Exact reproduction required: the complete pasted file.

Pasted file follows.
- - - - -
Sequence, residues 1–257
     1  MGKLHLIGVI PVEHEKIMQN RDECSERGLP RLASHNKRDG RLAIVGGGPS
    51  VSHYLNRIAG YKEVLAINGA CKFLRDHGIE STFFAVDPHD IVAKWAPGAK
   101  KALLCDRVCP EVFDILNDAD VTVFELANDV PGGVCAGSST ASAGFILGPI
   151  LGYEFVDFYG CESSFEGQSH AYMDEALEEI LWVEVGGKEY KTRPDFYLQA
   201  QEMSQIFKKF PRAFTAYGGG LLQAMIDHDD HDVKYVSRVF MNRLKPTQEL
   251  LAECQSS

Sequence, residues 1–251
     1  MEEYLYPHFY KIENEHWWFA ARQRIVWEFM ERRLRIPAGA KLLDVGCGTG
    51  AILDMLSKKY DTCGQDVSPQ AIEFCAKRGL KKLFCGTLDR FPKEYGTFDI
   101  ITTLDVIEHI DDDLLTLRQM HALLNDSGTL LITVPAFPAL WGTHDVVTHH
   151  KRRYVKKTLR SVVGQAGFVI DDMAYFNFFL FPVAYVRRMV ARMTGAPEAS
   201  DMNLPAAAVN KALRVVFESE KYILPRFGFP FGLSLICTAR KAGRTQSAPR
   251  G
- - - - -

Sequence, residues 1–257
     1  MGKLHLIGVI PVEHEKIMQN RDECSERGLP RLASHNKRDG RLAIVGGGPS
    51  VSHYLNRIAG YKEVLAINGA CKFLRDHGIE STFFAVDPHD IVAKWAPGAK
   101  KALLCDRVCP EVFDILNDAD VTVFELANDV PGGVCAGSST ASAGFILGPI
   151  LGYEFVDFYG CESSFEGQSH AYMDEALEEI LWVEVGGKEY KTRPDFYLQA
   201  QEMSQIFKKF PRAFTAYGGG LLQAMIDHDD HDVKYVSRVF MNRLKPTQEL
   251  LAECQSS

Sequence, residues 1–251
     1  MEEYLYPHFY KIENEHWWFA ARQRIVWEFM ERRLRIPAGA KLLDVGCGTG
    51  AILDMLSKKY DTCGQDVSPQ AIEFCAKRGL KKLFCGTLDR FPKEYGTFDI
   101  ITTLDVIEHI DDDLLTLRQM HALLNDSGTL LITVPAFPAL WGTHDVVTHH
   151  KRRYVKKTLR SVVGQAGFVI DDMAYFNFFL FPVAYVRRMV ARMTGAPEAS
   201  DMNLPAAAVN KALRVVFESE KYILPRFGFP FGLSLICTAR KAGRTQSAPR
   251  G